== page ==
Most people think that, when academics meet, they discuss obscure topics of interest to nobody else. If you are curious, you will be surprised at what you can learn. Academics have to be professionally curious, both in order to do worthwhile research and so that today’s students are prepared with ideas newer than those taught to their parents.
At a recent meeting of 11,000 of my best friends from around the world, there were lots of obscure discussions. One of the panel discussions focused on the use of administrative data for research purposes.
Administrative data is stuff which is collected as a by-product of a government implementing a policy, as opposed to the data collected by a statistical agency for statistical purposes ( ). The push for Open Data is the most obvious example whose benefits are starting to be realized as a way to keep governments accountable.
Administrative data has real advantages over a common alternative. People find it incredibly easy to dismiss academic research, if and only if it reaches a “wrong conclusion”, if the research uses undergraduate students as research subjects.
Studying real life behaviour would be more useful, if the data could be collected without bothering the people being studied. The ideal research study finds the effect of a change by comparing the situations before and after a natural change or “experiment”. The problem is that it is easier to collect data after than to do it before but, without knowing both, nothing can be learned. The panel noted that natural experiments help to resolve policy debates, which have not been resolved using regular data sources, and other hard puzzles.
Encouragement is needed to make such data available. First, because there are real concerns about privacy. Good researchers care about the research goal and not the individuals, even if some information could be personally identified by matching it with other information. (I have talked with people who work at Statistics Canada about the efforts they take to make sure that no such information is revealed either directly or, by using inference, indirectly.) Paradoxically, this issue becomes more acute as more people reveal more information about themselves voluntarily and on-line (Facebook, Twitter, …). Privacy concerns are important but they do not necessarily beat other concerns.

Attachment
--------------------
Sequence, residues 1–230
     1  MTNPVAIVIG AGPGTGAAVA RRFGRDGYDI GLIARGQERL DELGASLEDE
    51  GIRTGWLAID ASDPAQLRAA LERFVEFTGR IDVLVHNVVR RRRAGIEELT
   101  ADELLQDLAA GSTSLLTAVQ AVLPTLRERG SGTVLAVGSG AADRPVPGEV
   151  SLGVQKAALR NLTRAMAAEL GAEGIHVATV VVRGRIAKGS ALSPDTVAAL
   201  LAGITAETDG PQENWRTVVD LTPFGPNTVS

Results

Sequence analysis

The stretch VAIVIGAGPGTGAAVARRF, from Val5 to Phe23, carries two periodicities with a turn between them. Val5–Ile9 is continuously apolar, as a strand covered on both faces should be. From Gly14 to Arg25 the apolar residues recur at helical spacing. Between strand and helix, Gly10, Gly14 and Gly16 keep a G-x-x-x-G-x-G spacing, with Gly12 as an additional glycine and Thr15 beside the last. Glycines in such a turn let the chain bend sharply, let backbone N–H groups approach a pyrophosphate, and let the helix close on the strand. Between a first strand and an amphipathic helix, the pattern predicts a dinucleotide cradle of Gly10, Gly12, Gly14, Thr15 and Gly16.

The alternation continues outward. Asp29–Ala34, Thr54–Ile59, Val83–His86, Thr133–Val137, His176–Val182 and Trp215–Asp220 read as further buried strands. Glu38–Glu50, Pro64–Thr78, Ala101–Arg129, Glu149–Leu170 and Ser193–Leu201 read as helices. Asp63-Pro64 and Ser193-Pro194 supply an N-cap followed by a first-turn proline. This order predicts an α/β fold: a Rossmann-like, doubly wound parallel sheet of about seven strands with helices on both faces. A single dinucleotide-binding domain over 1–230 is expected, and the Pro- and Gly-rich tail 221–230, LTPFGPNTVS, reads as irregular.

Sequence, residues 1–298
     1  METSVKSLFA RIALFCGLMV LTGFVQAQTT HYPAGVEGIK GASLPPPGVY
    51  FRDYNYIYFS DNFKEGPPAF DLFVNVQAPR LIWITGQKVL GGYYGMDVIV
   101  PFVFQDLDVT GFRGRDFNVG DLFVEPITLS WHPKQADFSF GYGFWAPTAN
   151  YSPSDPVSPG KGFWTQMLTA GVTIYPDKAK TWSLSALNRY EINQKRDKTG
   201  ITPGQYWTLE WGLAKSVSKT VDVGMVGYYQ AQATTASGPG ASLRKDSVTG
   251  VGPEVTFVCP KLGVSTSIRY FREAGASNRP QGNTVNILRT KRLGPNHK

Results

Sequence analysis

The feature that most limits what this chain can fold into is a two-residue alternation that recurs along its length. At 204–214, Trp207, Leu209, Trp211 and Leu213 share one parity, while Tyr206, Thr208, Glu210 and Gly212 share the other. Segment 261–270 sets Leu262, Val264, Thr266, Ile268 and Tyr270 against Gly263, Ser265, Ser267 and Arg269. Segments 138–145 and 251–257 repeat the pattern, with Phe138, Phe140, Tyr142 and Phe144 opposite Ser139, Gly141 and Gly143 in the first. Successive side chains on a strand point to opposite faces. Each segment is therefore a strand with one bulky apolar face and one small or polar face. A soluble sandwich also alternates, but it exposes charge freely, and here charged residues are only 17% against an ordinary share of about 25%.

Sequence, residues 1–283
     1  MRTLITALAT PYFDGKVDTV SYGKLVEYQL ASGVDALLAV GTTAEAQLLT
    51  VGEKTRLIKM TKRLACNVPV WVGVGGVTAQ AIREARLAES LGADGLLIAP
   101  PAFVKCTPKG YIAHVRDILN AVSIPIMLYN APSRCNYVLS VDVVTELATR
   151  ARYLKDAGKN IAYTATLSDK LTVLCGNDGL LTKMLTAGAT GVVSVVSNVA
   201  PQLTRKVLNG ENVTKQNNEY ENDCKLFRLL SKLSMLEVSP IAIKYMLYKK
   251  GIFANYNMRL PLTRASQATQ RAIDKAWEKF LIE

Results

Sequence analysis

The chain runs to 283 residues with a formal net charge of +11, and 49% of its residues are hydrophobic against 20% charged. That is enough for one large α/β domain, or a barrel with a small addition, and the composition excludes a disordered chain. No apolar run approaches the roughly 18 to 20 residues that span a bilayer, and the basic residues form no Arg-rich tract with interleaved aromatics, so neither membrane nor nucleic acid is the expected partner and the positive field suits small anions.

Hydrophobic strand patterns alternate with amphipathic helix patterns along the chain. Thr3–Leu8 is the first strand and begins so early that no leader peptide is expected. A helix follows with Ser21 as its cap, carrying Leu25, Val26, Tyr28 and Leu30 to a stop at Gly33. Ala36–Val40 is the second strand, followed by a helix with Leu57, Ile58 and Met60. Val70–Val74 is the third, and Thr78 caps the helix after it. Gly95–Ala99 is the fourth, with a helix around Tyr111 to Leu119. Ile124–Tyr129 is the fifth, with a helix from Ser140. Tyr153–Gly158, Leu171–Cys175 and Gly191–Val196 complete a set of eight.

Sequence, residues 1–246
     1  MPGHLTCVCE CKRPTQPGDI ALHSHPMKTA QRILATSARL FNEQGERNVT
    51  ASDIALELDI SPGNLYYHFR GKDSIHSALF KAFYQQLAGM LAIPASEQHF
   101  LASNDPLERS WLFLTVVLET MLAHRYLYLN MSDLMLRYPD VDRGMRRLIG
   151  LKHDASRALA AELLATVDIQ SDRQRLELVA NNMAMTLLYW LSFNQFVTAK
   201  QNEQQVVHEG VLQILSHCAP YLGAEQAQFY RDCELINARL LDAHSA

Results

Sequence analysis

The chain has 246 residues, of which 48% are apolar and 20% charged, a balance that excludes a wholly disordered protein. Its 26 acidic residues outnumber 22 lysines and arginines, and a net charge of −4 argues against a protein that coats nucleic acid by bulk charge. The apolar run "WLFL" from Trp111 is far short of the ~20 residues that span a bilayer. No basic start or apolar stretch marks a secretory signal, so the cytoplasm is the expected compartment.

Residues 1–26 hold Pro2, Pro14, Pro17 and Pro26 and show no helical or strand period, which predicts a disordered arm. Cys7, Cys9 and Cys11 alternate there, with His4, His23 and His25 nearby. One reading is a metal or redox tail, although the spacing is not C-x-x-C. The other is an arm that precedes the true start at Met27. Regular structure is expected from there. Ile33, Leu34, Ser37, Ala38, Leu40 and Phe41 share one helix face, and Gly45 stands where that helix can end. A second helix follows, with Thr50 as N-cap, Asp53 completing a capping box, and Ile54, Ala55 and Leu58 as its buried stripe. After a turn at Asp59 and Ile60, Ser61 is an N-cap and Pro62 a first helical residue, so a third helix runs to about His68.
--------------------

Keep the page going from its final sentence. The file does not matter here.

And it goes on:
Second, government cutbacks make it difficult for government officials to organize the data into a form suitable for researchers. Data is not just a bunch of numbers. In order to be useful, errors in the data need to be “cleaned” plus the data need to be organized and documented so clearly that there is no confusion about the meaning of “income” or “family”.
Making administrative data available can have profound implications. It may seem trivial now but what we learn now shows up in our graduates a few years later. Later still, asking better questions stimulates new methods of analysis and better answers which are repackaged into the speeches of leading edge thinkers in the private sector.
So, you can learn a lot if you are curious.
PS Some of the best quality and most widely used data in Canada come from the census conducted in Canada every five years. Recently, this exercise has become controversial and has prompted front-cover stories in leading newspapers and a private member’s bill.
PPS (Jan. 30) Questions related to data availability and data quality interest data geeks, but everybody who is interested in evidence-based decision making should be concerned when widely-used statistics are suspect. This article from today’s Globe and Mail offers lots of unusually detailed insights and should provoke more fundamental questions about methods.